Statement condemning the intimidation of Ekachai Hongkangwan and Anurak Jeantawanich + a demand that the perpetrators be prosecuted

On 31 March 2019, two activists, Ekachai Hongkangwan and Anurak Jeantawanich (also known as “Ford Red Path”) organised an activity at Ratchaprasong Intersection to collect signatures for a petition calling for the removal of the Election Commission. The petition came after Thailand’s general election on 24 March 2019 was beset with broad public concerns about transparency and fairness when it came to electoral process and the counting of ballots.

At approximately 1.15 AM on 1 April 2019, Ekachai saw an unknown man whose face was concealed kick the left-hand side blind-spot mirror of his car, which was parked outside his home. The unknown perpetrator poured oil over the car’s front window before setting the car on fire. Damage to the interior of the car is unlikely to be repairable. Also destroyed were documented related to the petition calling for the removal of the Election Commission, evidence confirming the support of approximately 300 people who had expressed interest in the petition, and a speaker used in the activity at Ratchaprasong Intersection, all of which had been in the car.

Meanwhile, at approximately 9.45 PM on 31 March 2019, Anurak Jeantawanich was attacked by two men at his home, with the violence inflicting bloody cuts to his arms. Both men had once again covered their faces and were dressed in black. Anurak could not identify any prior incidents of conflict that might identify the perpetrators. (For more information on intimidations of Ekachai Hongkangwan, see here).

Though both Ekachai and Anurak filed complaints to police officials in the hopes that the perpetrators will be brought to justice, Thai Lawyers for Human Rights notes that these attacks are not the first cases activists being intimidated which have involved injury to the body or damages to property.

This is particularly true in the case of Ekachai, who has been active in demanding greater transparency when it comes to the country’s governance under the National Council for Peace and Order (NCPO), led by General Prayuth Chan-ocha. He has campaigned for investigations into Deputy Prime Minister Prawit Wongsuwan’s possession of more than 25 luxury watches. He has also organised activities in opposition to the army chief’s order to play the song “Nak Paen Din” over army radio stations, calling for an end to the use of the song on the basis that it could incite conflict and stir resentment between groups who hold differing political views. Before the general election, Ekachai also continually demanded that elections be held. As a consequence, Ekachai has been subject to eight criminal trials, has been attacked six times and has had his property destroyed twice. The attacks have escalated in aggressiveness, even while the motives remain unclear.

Thai Lawyers for Human Rights is an organisation that provides legal assistance and collects information on individuals who have been adversely effected by the exercise of their political rights after the 2014 coup. We are extremely worried by the incidents of violence against both Ekachai and Anurak, which occurred in the immediate aftermath of their organisation of the activity to collect signatures in support of the Electoral Commission’s removal. Such an activity is permissible under Section 235 of the 2017 Constitution of Thailand, and its legitimacy is further affirmed by Sections 34 and 44 of the 2017 Constitution on rights to participate in the investigation, checking and criticism of government officials. Those rights are also protected under Article 19 and 21 of the International Covenant on Civil and Political Rights.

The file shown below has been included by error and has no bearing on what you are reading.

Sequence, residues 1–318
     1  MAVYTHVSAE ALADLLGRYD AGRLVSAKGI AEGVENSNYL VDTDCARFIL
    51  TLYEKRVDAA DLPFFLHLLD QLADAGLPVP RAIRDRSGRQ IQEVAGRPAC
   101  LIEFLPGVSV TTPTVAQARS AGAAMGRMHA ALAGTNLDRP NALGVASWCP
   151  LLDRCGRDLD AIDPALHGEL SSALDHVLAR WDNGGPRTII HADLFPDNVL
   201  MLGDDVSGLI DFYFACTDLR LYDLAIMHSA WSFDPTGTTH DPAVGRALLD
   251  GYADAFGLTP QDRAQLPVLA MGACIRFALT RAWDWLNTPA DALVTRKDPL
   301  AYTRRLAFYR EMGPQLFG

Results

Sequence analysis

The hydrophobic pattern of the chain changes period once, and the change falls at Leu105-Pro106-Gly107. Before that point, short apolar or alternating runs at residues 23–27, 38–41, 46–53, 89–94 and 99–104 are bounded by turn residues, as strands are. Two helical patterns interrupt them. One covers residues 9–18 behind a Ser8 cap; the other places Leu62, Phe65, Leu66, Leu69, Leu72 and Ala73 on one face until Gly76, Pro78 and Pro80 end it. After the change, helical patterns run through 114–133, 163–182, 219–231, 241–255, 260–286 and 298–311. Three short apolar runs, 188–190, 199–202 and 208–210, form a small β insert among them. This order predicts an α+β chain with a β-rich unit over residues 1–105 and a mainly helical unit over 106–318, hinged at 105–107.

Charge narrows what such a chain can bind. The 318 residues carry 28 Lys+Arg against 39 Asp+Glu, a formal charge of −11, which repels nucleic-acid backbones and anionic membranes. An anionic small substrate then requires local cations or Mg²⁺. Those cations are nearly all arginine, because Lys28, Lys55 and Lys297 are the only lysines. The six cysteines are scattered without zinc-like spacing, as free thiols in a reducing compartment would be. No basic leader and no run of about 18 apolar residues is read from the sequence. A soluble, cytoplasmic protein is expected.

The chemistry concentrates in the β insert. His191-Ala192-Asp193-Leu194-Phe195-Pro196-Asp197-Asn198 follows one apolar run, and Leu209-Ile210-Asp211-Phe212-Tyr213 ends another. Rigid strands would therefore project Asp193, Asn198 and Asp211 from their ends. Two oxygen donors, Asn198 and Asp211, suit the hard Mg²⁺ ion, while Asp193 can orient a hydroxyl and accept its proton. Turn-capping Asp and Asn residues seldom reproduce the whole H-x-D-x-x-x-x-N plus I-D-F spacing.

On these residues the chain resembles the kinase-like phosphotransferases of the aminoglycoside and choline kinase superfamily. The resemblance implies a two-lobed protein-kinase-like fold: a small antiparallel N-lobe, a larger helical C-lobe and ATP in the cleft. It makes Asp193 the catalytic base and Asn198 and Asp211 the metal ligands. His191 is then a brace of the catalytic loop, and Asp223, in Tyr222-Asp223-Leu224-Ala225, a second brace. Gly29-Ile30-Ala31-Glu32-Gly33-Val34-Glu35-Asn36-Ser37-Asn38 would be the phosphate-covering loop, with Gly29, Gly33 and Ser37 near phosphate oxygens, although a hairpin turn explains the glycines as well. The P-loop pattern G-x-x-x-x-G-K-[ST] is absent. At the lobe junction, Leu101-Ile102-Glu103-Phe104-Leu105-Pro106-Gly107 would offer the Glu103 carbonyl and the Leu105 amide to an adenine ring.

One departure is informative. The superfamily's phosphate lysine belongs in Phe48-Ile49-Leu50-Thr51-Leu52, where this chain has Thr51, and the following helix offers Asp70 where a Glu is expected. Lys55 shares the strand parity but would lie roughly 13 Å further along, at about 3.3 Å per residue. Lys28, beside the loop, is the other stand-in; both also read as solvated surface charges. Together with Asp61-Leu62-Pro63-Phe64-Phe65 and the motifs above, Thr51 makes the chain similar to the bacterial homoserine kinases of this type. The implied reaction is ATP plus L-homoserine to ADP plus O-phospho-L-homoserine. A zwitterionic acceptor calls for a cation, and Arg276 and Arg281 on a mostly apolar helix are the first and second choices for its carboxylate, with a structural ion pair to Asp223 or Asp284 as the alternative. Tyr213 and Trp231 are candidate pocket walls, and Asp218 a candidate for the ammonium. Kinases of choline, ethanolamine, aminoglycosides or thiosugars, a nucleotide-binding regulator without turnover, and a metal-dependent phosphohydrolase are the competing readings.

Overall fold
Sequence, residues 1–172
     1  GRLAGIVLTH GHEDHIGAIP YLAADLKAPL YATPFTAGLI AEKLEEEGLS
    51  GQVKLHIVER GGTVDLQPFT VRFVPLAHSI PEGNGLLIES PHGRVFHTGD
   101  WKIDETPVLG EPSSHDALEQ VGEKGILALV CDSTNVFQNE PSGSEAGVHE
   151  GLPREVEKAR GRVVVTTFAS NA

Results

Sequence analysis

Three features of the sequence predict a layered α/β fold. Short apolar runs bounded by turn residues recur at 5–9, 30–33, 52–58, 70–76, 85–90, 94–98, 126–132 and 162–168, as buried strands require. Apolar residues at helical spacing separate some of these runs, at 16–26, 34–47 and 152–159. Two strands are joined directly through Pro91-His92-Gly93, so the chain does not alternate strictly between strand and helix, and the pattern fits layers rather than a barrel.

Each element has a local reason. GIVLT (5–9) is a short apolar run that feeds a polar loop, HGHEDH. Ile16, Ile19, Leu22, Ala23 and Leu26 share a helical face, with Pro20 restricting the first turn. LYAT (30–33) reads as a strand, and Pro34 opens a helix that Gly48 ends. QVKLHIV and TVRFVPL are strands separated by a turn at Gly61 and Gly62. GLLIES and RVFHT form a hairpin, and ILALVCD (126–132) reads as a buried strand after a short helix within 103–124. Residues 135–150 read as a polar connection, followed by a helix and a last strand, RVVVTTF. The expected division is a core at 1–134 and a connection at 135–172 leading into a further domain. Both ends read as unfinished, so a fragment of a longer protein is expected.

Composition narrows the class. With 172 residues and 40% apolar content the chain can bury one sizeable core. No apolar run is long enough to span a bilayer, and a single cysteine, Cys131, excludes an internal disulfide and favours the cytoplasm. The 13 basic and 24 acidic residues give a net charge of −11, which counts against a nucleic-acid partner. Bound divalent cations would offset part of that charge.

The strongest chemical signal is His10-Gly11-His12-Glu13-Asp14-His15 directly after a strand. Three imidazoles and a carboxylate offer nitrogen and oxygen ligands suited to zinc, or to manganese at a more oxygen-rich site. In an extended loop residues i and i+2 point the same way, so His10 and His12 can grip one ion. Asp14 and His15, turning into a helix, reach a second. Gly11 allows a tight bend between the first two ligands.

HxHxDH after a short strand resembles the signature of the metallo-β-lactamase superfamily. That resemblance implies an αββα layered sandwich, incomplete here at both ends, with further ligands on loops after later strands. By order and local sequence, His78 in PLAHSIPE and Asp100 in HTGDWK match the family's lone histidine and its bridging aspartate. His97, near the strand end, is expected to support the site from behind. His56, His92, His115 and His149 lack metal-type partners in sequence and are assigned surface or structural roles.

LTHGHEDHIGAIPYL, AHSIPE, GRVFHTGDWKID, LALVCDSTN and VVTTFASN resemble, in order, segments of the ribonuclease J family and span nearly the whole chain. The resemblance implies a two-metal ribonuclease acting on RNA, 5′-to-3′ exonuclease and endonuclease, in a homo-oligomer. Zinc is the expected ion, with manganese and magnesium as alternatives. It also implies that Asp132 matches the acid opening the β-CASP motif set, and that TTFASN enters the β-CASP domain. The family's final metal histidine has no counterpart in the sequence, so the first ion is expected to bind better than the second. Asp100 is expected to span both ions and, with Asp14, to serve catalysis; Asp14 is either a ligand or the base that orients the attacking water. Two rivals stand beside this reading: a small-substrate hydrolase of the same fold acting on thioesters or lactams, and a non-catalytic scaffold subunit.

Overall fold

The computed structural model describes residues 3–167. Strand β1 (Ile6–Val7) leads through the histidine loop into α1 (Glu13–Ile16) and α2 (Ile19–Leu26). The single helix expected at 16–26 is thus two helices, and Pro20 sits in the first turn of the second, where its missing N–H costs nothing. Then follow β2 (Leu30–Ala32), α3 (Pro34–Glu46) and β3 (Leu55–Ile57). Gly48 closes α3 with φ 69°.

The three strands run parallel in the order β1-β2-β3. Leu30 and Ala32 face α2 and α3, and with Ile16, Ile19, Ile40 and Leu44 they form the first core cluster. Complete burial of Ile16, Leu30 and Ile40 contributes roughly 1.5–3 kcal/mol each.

The intimidation and use of violence against both Ekachai and Anurak has been compounded by slowness on the part of authorities in both investigating the perpetrators and in implementing measures to ensure the safety of people who campaign or call for democratic governance. These events not only show the Thai state’s defective performance of its duty to protect those who exercise their rights and freedom of expression. They also make visible the authorities’ lack of patience and respect for the rights to life and bodies of individuals who exercise their rights and freedom of expression, as well as groups who gather peacefully and unarmed.

Thai Lawyers for Human Rights condemns these cases of intimidation and violence against Ekachai Hongkangwan and Anurak Jeantawanich, and calls for both the state and ordinary people to conduct themselves with respect for human dignity indiscriminately. Accordingly:

1. We demand that the relevant authorities involved in the justice process, especially the police, and the National Human Rights Commission co-operate to find out the truth behind these incidents of intimidation. The perpetrators who used violence against Ekachai Hongkangwan and Anurak Jeantawanich, and in prior like incidents, should be investigated and subject to criminal charges expediently, impartially and transparently.

2. We demand that the Thai state protects and defends the rights and freedoms of expression and peaceful assembly exercised by Ekachai Hongkangwan and Anurak Jeantawanich, which are affirmed in the 2017 Constitution of Thailand.

3. We call upon ordinary people to exercise tolerance towards peaceful expression and assembly, whether exercised in the campaign for investigations into the Election Commission or in demands for investigations into state corruption under the NCPO. Such campaigns are an expression of rights affirmed in the Constitution and in the International Covenant on Civil and Political Rights.